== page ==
I went to bed too early and you guys started fighting immediately after.

My take on driving your SUV and burning all you want is different from most of the folks who understand oil depletion.  My perspective is that you should go ahead.  Drive all you want and under no circumstances should you inconvenience yourself or your family to save oil.

I suggest this because I know it's futile, and even more important, I would rather see Americans burn it than Chinese.  It's a patriotic thing.  I know it is futile first, but second, I know there is no way in hell the Chinese will sacrifice GDP growth and development so that someone else can have the oil.  This is what will create the wars upcoming.

The US has 3% of the world's population and we consume about 23% of daily global oil production, and I do not see any reason to back off.  We earned it, to some extent.  

So go ahead and burn oil.  It's truly not going to matter.

Sat, 02/05/2011 - 16:27 | Link to Comment trav7777
trav7777's picture

this is why I have a VW Phaeton.  Tragedy of the Commons...

Sat, 02/05/2011 - 23:21 | Link to Comment prophet
prophet's picture

Nice!  Luv that car.

Fri, 02/04/2011 - 22:00 | Link to Comment New_Meat
New_Meat's picture

Dude, you are partially right and right on with the sentiment:

"...we are not building any nuke plants!!!"

well, some starting: NRG (HLP) South Texas Project 3 and 4, Southern Co., TVA is finishing Watts Bar 2, lots of money freed up since CO2 (the invisible gas) is killing coal units.

I challenge your statement:

"we need to create jobs"

do you have any evidence that Our Dear Leader and gang wish same?  Evidence please (v. blah blah blah).  I see the BS of today's NFP 'improvement' to 9.0% published number is, well, ...

Serious question, I have no confidence in the positive answer.

But if the agenda is to do something with the population, with the food supply, with ...

Well, then we can examine and evaluate.

- Ned

Fri, 02/04/2011 - 23:01 | Link to Comment Devout Republican
Devout Republican's picture

Yes, but France is socialist and all their citizens get health care in addition to having 80% of their electricity supplied by nuclear. 

But you forget one thing, they're not the greatest country on earth.  We are!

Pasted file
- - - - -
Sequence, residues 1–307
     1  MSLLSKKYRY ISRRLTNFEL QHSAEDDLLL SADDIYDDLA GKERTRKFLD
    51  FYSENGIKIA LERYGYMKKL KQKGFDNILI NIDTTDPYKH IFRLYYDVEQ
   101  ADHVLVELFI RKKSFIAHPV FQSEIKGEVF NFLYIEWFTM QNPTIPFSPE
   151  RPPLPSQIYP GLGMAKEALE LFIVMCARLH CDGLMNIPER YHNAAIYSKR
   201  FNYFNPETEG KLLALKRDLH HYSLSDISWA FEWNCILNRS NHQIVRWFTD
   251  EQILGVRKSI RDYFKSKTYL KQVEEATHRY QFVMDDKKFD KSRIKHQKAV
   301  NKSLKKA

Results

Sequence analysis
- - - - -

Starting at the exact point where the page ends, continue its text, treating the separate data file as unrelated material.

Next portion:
USA! USA! 

Palin 2012!

P.S. I'm junking myself, so you fucktards can bite me.

Sat, 02/05/2011 - 07:53 | Link to Comment scratch_and_sniff
scratch_and_sniff's picture

Man it sends a shiver down the worlds back that you people could be so fucking stupid.

Sat, 02/05/2011 - 08:15 | Link to Comment Devout Republican
Devout Republican's picture

Na uh you are

Sat, 02/05/2011 - 12:27 | Link to Comment snowball777
snowball777's picture

Ask the Frogs how they feel about their premiums (no, it's not free for them) going up and what it's like to be healed by a doctor who makes less than an auto mechanic.

Sat, 02/05/2011 - 13:18 | Link to Comment Cathartes Aura
Cathartes Aura's picture

mmm, yah, because if you're gonna get healed, you want your healer to make at least 5 times more fiat than you do.

Sat, 02/05/2011 - 17:50 | Link to Comment snowball777
snowball777's picture

No, but i do want him to be properly incentivized to do the job well. Have fun picking up your scrips at 'La Farmacia'.

Fri, 02/04/2011 - 20:24 | Link to Comment bank guy in Brussels
bank guy in Brussels's picture

France is coast-to-coast cookie-cutter nuke plants, supplying huge amounts of energy, which, unlike the US, they generally built on a reliable, replicated platform ... they have kept both their own agriculture and industry going ... still today benefiting from de Gaulle's vision of an 'independent' France.

We are not as bad off in Europe as the above article suggests. We do have a lot of food production here, which the EU has wisely maintained. We have infrastructure (electrified trains, public transport) that can deal with energy shortages and price spikes.